A Turkish aid group said it would send ships again to challenge the Israeli blockade of Gaza, four years after Israeli commandos stormed its flotilla bound for the Palestinian territory and killed 10 people in fighting with activists on board.

Israel withdraws troops, 72-hour Gaza truce begins


Israel withdrew ground forces from the Gaza Strip on Tuesday and started a 72-hour cease-fire with Hamas mediated by Egypt as a first step towards negotiations on a more enduring end to the month-old war.

Minutes before the truce began at 8 a.m. (0500 GMT), Hamas launched a salvo of rockets, calling them revenge for Israel's “massacres.” Israel's anti-missile system shot down one rocket over Jerusalem, police said. Another hit a house in a town near Bethlehem in the occupied West Bank. There were no casualties.

Israeli armor and infantry left Gaza ahead of the truce, with a military spokesman saying their main goal of destroying cross-border infiltration tunnels dug by Islamist militants had been completed. “Mission accomplished,” the military tweeted.

Troops and tanks will be “redeployed in defensive positions outside the Gaza Strip and we will maintain those defensive positions,” spokesman Lieutenant-Colonel Peter Lerner said, reflecting Israeli readiness to resume fighting if attacked.

Sami Abu Zuhri, a spokesman for the Islamist Hamas faction that rules Gaza, said Israel's offensive in the densely populated, coastal enclave was a “100 percent failure”.

Israel sent officials to join talks in Cairo to cement a longer-term deal during the course of the truce. Hamas and Islamic Jihad also dispatched representatives from Gaza.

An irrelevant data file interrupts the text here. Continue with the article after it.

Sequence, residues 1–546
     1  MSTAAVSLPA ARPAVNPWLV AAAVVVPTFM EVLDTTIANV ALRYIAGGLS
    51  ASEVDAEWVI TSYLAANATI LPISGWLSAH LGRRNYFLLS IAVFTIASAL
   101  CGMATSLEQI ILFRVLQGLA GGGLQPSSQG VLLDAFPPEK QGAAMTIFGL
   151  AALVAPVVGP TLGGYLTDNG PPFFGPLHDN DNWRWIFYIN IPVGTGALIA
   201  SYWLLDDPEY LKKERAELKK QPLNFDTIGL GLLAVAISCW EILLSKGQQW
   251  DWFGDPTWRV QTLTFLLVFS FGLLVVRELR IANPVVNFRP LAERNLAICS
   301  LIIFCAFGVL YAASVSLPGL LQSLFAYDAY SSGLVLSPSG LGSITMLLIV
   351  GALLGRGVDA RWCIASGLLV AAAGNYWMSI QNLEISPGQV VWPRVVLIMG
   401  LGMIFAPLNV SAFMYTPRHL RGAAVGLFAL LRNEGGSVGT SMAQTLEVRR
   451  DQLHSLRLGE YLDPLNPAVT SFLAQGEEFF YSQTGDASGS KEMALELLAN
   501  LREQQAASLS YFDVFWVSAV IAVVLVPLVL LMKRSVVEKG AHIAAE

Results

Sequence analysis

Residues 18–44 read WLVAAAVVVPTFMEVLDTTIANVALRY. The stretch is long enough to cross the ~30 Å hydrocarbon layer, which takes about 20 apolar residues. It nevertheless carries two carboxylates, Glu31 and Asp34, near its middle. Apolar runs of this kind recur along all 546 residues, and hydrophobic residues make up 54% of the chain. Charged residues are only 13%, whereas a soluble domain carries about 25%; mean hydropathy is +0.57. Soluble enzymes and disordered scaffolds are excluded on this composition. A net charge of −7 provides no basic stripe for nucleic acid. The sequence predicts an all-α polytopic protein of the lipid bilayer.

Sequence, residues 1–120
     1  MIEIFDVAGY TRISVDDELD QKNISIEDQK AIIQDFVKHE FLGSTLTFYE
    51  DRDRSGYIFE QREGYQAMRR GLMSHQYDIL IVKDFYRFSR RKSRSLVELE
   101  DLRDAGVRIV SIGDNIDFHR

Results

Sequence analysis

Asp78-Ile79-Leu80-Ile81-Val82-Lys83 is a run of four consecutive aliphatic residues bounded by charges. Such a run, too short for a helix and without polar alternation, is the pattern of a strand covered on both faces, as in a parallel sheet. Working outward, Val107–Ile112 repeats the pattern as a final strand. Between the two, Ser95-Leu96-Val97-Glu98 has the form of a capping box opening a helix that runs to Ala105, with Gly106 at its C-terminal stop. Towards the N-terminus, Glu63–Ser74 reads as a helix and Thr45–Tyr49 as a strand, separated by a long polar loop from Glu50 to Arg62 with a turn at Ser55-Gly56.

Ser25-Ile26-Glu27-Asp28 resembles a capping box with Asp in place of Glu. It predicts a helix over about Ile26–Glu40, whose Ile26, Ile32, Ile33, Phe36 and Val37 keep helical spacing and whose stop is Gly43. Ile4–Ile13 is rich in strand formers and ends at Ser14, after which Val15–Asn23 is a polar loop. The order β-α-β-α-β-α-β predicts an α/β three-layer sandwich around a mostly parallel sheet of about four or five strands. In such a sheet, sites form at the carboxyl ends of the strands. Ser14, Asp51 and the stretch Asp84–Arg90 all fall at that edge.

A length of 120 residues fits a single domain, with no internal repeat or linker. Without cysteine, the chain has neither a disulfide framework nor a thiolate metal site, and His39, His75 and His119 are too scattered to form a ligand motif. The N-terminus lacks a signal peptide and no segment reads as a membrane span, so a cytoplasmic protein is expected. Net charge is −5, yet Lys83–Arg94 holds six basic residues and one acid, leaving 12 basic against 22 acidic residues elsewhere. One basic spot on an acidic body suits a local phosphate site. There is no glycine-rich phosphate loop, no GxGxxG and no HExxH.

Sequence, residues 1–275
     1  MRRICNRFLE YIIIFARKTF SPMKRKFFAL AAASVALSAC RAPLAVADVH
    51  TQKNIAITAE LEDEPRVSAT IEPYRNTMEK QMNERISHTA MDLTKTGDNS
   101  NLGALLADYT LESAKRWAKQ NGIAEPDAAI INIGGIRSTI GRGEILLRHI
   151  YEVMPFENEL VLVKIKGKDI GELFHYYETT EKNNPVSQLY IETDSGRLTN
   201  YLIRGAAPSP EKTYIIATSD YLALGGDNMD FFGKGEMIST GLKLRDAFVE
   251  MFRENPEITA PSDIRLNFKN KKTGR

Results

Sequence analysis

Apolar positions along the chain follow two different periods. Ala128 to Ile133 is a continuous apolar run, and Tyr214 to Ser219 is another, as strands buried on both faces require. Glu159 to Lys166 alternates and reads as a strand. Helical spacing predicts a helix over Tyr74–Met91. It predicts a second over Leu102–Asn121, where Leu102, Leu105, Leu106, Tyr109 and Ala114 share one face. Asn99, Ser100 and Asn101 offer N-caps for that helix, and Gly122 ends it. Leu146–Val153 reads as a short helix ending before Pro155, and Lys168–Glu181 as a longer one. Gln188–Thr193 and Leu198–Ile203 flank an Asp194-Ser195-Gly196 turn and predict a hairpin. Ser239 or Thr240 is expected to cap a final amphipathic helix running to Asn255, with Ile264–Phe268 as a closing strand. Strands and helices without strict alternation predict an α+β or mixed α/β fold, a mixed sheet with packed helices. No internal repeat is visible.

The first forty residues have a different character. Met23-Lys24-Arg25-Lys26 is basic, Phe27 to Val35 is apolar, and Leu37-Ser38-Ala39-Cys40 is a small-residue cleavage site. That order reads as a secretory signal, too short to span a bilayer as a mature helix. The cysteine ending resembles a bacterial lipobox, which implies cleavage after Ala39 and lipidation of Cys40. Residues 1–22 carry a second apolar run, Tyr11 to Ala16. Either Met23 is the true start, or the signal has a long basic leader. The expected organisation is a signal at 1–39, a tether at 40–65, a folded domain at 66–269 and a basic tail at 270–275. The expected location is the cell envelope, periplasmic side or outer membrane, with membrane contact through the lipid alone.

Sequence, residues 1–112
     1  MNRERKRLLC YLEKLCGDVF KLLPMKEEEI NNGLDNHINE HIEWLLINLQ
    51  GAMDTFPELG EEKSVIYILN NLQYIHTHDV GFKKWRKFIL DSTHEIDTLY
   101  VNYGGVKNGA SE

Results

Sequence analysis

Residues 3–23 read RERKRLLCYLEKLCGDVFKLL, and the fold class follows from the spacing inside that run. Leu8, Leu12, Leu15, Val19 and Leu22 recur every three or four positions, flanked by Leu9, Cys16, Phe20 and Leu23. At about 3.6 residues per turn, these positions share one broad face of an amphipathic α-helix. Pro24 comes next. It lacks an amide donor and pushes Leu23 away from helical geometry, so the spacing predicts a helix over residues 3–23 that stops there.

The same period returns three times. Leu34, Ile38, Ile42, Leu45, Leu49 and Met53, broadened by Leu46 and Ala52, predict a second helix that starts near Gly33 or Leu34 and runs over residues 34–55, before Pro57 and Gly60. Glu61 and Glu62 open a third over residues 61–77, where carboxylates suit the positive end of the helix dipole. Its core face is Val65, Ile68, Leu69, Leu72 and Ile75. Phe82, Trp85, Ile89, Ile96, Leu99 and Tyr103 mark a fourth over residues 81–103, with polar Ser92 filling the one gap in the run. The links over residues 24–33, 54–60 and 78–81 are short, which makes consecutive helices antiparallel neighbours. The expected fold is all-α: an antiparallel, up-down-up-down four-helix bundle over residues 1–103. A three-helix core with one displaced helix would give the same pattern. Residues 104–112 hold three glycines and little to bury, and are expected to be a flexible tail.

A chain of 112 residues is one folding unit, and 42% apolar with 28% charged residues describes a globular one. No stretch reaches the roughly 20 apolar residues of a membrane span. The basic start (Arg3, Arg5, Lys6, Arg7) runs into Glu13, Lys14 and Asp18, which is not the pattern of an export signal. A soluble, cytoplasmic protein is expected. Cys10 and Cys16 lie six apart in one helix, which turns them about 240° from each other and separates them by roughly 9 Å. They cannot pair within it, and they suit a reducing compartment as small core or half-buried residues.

In Gaza, where some half-million people have been displaced by a month of bloodshed, some residents, carrying mattresses and with children in tow, left U.N. shelters to trek back to neighbourhoods where whole blocks have been destroyed by Israeli shelling and the smell of decomposing bodies fills the air.

Sitting on a pile of debris on the edge of the northern town of Beit Lahiya, Zuhair Hjaila, a 33-year-old father of four, said he had lost his house and his supermarket.

“This is complete destruction,” he said. “I never thought I would come back to find an earthquake zone.”

Visiting International Red Cross President Peter Maurer, responding to local criticism that his organisation was late in helping some of the victims, said “we were insufficiently able to bridge the gap between our willingness to protect them and our ability to do so”.

TRUCE ATTEMPTS

Several previous truce attempts by Egypt and other regional powers, overseen by the United States and United Nations, failed to calm the worst Israeli-Palestinian fighting in two years.